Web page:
Review – “Little Sway” – Crissi Cochrane

by Eleni Armenakis a3353216320_2

At 24, Crissi Cochrane has already amassed an impressive list of accomplishments. She was part of the energetic Gamma Gamma Rays for two years while maintaining her own solo career, including an appearance on Rich Aucoin’s We’re All Dying to Live. The band disbanded after she left her home province of Nova Scotia for Windsor, Ontario in 2010, even as they released their first LP. Since moving west, she’s already released one full-length solo album along with an EP, and has now taken off in a new direction with her second full-length, Little Sway.

While Cochrane is still tied to her indie roots, it’s impossible to deny the influence a newfound source of old vinyl has had on her sound. Her voice still shines as the strongest element to her music, but there’s now a full, jazzy feel to the songs that enriches her natural talent.

Little Sway also comes across as a celebration as every song comes packed with life and there’s an audible smile to tracks like “Sleep in the Wild,” “Be Around” and “The Key,” despite it’s melancholic “Why do you never stay?” lyrics. Cochrane sounds rejuvenated by the fusion of genres, especially as they come together in the latter song, and the delight echoes throughout the album’s ten songs.

At times channeling a gentler Regina Spektor, there’s an almost dated feel to the Little Sway that isn’t present in her contemporary’s work. Maybe it’s the lighthearted feel to each song, but the album hearkens back to that imagined time when things were simpler and heartbreak wasn’t so bad.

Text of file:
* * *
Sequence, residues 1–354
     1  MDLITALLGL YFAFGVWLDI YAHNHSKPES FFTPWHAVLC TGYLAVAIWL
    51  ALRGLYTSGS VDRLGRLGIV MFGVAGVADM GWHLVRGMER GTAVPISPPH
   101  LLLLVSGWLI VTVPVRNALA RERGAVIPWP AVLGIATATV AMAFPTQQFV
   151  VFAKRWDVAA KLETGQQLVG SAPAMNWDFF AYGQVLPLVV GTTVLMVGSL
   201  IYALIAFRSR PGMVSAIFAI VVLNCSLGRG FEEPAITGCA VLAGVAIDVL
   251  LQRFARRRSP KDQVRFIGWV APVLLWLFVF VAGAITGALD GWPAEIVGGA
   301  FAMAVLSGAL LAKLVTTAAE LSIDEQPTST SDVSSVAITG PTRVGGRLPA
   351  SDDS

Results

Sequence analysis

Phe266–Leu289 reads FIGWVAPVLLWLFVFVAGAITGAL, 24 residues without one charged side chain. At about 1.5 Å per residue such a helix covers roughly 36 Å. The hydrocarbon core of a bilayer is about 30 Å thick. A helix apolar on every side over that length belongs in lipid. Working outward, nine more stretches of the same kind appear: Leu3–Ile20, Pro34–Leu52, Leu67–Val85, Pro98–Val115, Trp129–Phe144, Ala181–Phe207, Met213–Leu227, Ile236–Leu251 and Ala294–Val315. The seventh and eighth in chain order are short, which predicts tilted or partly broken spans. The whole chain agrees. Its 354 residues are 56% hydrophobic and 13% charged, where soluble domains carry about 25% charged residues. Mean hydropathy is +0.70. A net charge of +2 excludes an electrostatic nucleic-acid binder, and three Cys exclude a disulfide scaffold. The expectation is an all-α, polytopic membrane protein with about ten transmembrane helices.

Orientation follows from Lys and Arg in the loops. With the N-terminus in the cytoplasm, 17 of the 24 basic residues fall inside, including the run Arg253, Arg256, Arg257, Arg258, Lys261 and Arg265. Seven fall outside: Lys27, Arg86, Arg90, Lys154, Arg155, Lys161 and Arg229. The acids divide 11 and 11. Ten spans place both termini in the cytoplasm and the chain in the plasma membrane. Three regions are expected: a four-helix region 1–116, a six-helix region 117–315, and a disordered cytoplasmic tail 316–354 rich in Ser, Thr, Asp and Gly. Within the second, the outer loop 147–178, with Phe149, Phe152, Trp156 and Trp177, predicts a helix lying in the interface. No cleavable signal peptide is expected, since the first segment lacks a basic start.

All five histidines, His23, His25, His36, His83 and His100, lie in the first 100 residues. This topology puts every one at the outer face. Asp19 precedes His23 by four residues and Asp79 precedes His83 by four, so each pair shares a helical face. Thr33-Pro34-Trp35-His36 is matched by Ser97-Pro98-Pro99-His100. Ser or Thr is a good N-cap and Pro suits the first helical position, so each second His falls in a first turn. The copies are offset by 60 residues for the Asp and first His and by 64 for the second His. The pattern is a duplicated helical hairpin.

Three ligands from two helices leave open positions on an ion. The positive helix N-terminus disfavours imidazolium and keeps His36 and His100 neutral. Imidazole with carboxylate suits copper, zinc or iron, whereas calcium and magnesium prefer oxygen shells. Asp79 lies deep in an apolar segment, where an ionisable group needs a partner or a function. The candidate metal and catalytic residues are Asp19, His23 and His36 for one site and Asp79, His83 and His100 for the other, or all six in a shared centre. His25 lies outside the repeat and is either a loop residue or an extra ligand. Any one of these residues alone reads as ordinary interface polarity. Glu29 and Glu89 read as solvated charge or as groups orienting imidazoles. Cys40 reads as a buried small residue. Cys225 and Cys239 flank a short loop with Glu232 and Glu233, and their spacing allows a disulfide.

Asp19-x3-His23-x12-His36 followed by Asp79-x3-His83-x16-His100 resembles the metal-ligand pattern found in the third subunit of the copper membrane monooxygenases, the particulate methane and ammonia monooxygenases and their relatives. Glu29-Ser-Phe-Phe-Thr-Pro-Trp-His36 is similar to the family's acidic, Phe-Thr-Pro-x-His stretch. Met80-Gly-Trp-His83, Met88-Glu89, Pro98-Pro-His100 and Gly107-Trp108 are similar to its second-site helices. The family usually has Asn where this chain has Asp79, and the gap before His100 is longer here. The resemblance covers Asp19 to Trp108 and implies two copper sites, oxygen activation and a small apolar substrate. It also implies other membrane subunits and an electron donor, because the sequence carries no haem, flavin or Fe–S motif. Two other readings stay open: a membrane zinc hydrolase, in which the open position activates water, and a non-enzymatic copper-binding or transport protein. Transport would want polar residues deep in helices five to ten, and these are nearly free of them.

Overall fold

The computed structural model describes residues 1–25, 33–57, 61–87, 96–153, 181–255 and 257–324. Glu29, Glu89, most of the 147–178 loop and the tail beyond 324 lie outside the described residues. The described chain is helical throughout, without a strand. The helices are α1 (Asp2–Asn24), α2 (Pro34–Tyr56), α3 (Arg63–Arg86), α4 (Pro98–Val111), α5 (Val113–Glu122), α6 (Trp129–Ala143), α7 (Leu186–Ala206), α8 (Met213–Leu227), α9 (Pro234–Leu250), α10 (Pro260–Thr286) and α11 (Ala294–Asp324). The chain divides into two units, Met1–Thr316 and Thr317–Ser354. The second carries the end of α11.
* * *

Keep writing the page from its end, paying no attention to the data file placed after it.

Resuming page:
Even genuine sad songs like “The Key” follow up “Pretty Words” can’t eclipse that sense—so that even as Cochrane’s vocals lower as she sings “You don’t have to lie, but you do it anyway” there’s an unmistakable sense of calm and acceptance that comes across as novel compared to her earlier work.

“The Man I Love” has the strongest jazz feel of all the tracks, bringing to the foreground the change in instrumentation—each song is fuller than Cochrane’s previous work as the music works to compliment her stunning voice. Mike Hargreaves, Stefan Cvetkovic and Adam Rideout-Arkell on bass, drums, and electric guitar and keyboards respectively have struck the perfect, complimentary note—the soft touch that always manages to dance along with Cochrane instead of leading her.

Because in the end, Little Sway feels like an old timey invitation to dance—with all the delicate, questioning and excited emotions that brings. It’s easy to fall into a daydream of simple pleasures while listening as the tracks smoothly move from one step to another, carrying you along.

Top Tracks: “The Key”; “The Man I Love”

Rating: Proud Hoot (Really Good) + *swoop*

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